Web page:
I have 5 APIs (and growing) that regularly download (currently outside Django, but will be migrating in) into seperate database tables, roughly one per API with relationships. Machine sensor data (x2), weather, geological, geocoding + whatever else comes up in the future. The relationships are mostly based on per machine and per sensor type, with the “master” being per machine. Also within those API apps, there are a few functions that process the raw sensor data (a lot of it, and messy) into other tables, e.g. cleaned, first/last/average values for fast user display on dashboards per machine.
Raw data is used for stat analysis and ML prediction models.
My thinking at the moment is to create a polling app which would host (not sure of the right term) those tables (models). These apps would manage the data in those tables. Apart from users, there is little or no user Create, Update or Delete interaction with the database data. Mostly Read.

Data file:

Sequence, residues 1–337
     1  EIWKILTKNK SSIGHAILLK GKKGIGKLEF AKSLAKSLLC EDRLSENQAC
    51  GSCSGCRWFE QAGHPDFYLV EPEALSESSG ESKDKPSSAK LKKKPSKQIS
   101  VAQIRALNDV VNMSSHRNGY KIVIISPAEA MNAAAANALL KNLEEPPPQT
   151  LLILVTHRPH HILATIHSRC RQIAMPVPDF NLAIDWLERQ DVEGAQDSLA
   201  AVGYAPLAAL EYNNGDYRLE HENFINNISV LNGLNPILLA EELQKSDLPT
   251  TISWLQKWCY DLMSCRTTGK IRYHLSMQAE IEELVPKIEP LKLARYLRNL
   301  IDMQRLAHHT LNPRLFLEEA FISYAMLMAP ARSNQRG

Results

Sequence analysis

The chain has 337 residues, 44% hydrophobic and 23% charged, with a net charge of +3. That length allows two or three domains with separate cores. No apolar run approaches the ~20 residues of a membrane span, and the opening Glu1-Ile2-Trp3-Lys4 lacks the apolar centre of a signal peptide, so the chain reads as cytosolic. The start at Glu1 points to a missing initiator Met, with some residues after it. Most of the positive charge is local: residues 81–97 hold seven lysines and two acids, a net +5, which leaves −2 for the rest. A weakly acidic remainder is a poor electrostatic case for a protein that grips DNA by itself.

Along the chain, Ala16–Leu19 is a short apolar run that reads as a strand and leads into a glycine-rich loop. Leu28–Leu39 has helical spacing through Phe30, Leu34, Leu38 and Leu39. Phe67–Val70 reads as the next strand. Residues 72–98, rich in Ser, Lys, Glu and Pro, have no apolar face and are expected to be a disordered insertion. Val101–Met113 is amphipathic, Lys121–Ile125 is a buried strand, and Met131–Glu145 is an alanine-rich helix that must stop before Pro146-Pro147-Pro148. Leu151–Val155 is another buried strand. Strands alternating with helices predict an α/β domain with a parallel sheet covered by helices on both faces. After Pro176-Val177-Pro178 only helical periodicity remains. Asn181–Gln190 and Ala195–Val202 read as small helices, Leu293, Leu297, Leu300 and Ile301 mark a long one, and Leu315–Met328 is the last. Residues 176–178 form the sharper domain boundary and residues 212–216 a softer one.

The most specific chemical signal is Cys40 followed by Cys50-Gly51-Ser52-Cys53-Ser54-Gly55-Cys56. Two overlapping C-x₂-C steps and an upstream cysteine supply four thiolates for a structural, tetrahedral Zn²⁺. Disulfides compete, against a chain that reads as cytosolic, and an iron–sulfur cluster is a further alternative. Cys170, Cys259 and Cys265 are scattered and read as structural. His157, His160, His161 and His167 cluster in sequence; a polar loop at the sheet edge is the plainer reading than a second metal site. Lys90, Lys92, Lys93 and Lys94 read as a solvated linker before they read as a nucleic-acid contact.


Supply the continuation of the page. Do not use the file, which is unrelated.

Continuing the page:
I would then create other apps that would bring together all these various tables for display to different types of users in dashboards. However this would mean importing the polling app models into the other apps, and everything I have read says that all apps should be self contained. Also there would be relationships across apps which makes me shudder. Again all should be coming from the machine id, not the other way round so trying to avoid circular dependencies.
The other apps will be things like machine summary, fleet summary, aftermarket sales and technical support dashboards which will use the same models (albeit with slightly different queries), but feel like different apps. There will be some new models for the different apps, however they will share the same core processed API data.
For various reasons, I already have a proof of concept built in MATLAB with the database tables up and running and works…as a PoC. My thinking of the structure probably comes from creating that.
I am now learning Django for the production version, however I am struggling to see how to fit within the principles of Django I have picked up:
- Keep apps small
- Each app does one thing well
- Keep apps separate so they can be exported and used elsewhere
Is this structure normal/sensible for Django, and apart from creating one massive app, should I be rethinking the approach? Help!